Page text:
4 Ways to Be Calm Now
Resilience is a state of mind.
Posted Sep 29, 2020
With so much uncertainty going on around us, it is natural to feel out of sorts, anxious, overwhelmed, or generally stressed out. Instead of letting this frazzled state of mind become your new normal, consider a resilient approach to the hardships you face.
There are ways to create a sense of internal peace, even when the world at large, people in your life, job, or family are upsetting or seem overwhelming to you. Acceptance doesn’t mean you like everything that is thrown your way, but it does mean you see things realistically, as they are. Acceptance of the stress in your life, and that the stress may endure for some time, means you can sit back and consider new approaches to managing your difficulties. There are ways to bounce back, maintain internal calm, feel fulfilled and loving toward others, even when life keeps throwing curveballs your way. Here are four ways to create a resilient state of mind right now.
1. Examine your thoughts: Our thoughts tend to play out on autopilot. Becoming aware of our thoughts means taking an observer approach. The next time you are overwhelmed, briefly consider what kind of thoughts are going through your mind. Instead of being one with your thoughts, observe them with a bit of distance. If you are overwhelmed and frazzled chances are you are engaging in distorted thinking. Examples of common distortions are “all or none” thinking-things are either all good or all bad. The minute something undesirable occurs you feel as if everything is bad, or ruined. Another common distortion is catastrophic thinking. When managing something uncertain or unpredictable you imagine worst-case scenarios. Being resilient means becoming aware of your thoughts and recognizing when you are engaging in distorted thinking that is making you feel more upset or overwhelmed. Instead stay in the moment, stick with the facts, and work to keep your thoughts focused on the here and now.
2. Bring down physiological arousal. When we become anxious, overwhelmed, upset, or panicked, a fight or flight process takes place in our bodies. This means our heart might start beating fast, we may feel sweaty, jittery or generally keyed up, breathing may become shorter, thoughts race. In order to effectively think through the stressful situation, it is important to first bring down this physiological arousal. When our bodies are keyed up, our instinct is to keep thinking as a way to problem solve ourselves out of the physical symptoms. This never works and in fact only makes the physical symptoms worse. Instead, recognize when your heart is beating fast and you feel internally tense. Take a break, visualize something relaxing or take 15 deep breaths in and out. Even bringing the physical symptoms from a 10 to a 7 in intensity will help you to more realistically assess the situation at hand.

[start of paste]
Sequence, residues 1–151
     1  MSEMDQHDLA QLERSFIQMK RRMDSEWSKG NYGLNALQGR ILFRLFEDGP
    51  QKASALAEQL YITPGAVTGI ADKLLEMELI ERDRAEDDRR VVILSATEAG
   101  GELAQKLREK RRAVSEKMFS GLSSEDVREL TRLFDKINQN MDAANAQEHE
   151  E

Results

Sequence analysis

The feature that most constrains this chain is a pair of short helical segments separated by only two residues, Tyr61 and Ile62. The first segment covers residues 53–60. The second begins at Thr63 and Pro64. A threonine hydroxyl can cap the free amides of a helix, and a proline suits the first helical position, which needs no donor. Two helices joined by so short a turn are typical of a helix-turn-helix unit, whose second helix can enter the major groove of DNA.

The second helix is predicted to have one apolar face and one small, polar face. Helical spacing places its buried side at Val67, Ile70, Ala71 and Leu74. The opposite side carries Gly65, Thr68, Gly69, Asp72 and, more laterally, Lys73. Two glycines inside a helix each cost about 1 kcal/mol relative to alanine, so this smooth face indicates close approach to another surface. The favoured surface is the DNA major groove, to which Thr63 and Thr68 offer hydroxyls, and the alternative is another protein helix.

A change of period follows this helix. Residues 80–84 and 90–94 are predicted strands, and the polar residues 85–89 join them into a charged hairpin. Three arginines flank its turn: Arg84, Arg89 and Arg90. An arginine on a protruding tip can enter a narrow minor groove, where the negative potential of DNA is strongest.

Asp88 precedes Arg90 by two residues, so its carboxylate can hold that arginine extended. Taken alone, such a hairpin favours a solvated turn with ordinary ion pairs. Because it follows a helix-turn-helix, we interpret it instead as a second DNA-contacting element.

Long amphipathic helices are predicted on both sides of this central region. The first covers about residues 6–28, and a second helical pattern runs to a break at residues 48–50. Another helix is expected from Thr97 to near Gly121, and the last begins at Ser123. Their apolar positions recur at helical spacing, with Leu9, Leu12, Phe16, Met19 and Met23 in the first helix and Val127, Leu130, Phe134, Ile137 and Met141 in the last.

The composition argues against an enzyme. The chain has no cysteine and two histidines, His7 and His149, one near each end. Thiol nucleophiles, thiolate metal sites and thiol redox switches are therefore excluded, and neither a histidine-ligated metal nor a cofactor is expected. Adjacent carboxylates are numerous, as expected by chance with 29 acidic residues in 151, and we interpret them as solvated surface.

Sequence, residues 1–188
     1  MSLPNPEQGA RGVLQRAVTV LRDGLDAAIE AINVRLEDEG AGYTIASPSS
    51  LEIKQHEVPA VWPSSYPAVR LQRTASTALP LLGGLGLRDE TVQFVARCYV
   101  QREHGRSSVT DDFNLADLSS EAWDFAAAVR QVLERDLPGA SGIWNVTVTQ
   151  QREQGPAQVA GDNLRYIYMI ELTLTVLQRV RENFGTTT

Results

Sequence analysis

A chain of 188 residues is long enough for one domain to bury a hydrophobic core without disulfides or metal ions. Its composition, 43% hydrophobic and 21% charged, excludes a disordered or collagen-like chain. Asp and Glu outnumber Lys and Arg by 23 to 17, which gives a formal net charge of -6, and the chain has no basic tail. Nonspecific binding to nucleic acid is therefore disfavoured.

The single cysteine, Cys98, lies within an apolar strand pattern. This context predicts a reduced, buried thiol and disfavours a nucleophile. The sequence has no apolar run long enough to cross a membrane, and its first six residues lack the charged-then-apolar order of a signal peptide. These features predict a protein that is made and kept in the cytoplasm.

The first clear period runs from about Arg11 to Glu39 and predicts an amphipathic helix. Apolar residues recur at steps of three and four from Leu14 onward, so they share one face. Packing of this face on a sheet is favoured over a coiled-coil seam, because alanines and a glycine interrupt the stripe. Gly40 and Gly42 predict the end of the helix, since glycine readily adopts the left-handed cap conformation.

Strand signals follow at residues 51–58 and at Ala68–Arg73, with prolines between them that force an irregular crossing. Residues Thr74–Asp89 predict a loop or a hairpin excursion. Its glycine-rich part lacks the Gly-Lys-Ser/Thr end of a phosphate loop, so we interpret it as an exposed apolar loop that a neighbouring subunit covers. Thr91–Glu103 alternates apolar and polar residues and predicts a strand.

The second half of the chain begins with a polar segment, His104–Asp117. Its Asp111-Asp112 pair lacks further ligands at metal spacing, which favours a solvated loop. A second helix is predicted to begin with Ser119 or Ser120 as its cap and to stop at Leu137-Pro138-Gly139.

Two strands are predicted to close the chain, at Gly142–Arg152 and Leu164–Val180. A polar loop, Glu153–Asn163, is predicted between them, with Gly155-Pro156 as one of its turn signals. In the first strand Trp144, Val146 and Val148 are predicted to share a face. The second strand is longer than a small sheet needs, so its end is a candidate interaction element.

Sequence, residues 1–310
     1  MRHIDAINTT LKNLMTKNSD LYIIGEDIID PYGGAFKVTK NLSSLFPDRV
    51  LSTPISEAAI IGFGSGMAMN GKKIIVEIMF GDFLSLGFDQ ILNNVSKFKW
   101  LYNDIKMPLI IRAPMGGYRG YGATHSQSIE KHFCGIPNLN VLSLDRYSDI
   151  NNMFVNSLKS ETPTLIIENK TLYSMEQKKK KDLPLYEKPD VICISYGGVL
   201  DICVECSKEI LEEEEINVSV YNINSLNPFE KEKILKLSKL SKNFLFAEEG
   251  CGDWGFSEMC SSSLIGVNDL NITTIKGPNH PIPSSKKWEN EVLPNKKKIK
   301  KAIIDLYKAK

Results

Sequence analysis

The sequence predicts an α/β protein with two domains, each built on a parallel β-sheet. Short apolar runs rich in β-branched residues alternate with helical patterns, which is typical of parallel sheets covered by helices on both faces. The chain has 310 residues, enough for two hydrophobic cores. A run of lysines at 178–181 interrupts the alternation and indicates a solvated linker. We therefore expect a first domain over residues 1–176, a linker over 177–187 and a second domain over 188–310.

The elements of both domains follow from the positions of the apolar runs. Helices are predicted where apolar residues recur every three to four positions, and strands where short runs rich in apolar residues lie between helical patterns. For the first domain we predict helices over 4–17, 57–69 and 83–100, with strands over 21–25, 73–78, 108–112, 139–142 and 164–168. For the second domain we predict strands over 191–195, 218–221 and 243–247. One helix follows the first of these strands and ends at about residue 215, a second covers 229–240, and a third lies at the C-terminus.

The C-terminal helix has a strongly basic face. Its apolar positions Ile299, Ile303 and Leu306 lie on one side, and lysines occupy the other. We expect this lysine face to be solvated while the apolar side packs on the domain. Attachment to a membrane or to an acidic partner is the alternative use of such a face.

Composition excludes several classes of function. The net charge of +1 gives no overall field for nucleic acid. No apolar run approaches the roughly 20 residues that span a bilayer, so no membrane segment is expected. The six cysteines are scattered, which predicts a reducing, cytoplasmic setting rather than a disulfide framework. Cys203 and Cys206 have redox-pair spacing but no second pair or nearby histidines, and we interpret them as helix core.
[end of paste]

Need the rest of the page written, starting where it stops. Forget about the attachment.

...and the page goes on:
3. Approach, don’t avoid. Of course when we are afraid of something or don’t want to face something undesirable we tend to want to avoid it entirely. The reality is avoidance only increases anxiety and stress. Each moment, day, week, or year that you avoid what you fear, your fear grows. You never get a chance to see that if you faced your fear you would cope and come out of it intact. If you are avoiding something upsetting to you consider if the avoidance is prolonging your misery. Similar to a child afraid there is a monster under their bed, sometimes you just have to take a peek and confront your fear so you can see that you really are going to be okay.
4. Create a mantra (and use it!). There is so much uncertainty going on at the moment and then on top of it people have their own personal struggles with jobs, kids, school, intimate relationships, bills... For many, it can feel like they are barely treading water. Each time a new challenge presents they think they are going to sink. Consider coming up with a few words of encouragement for yourself. Each time you hit another setback remind yourself that failures, setbacks, hard times, difficult emotions are part of the human condition. We don’t like this part of life, but we can’t avoid it. Instead of feeling as if you’ve failed again, give yourself some realistic encouragement. Here are a few examples: “This too, I can accept this too,” or “I don’t have to be perfect,” or “I can make room for this hardship without it meaning anything bad about me,” or “I am strong,” or “I deserve to be at peace even when life is hard.” For more strategies to reduce stress and anxiety, check out my book, Be Calm.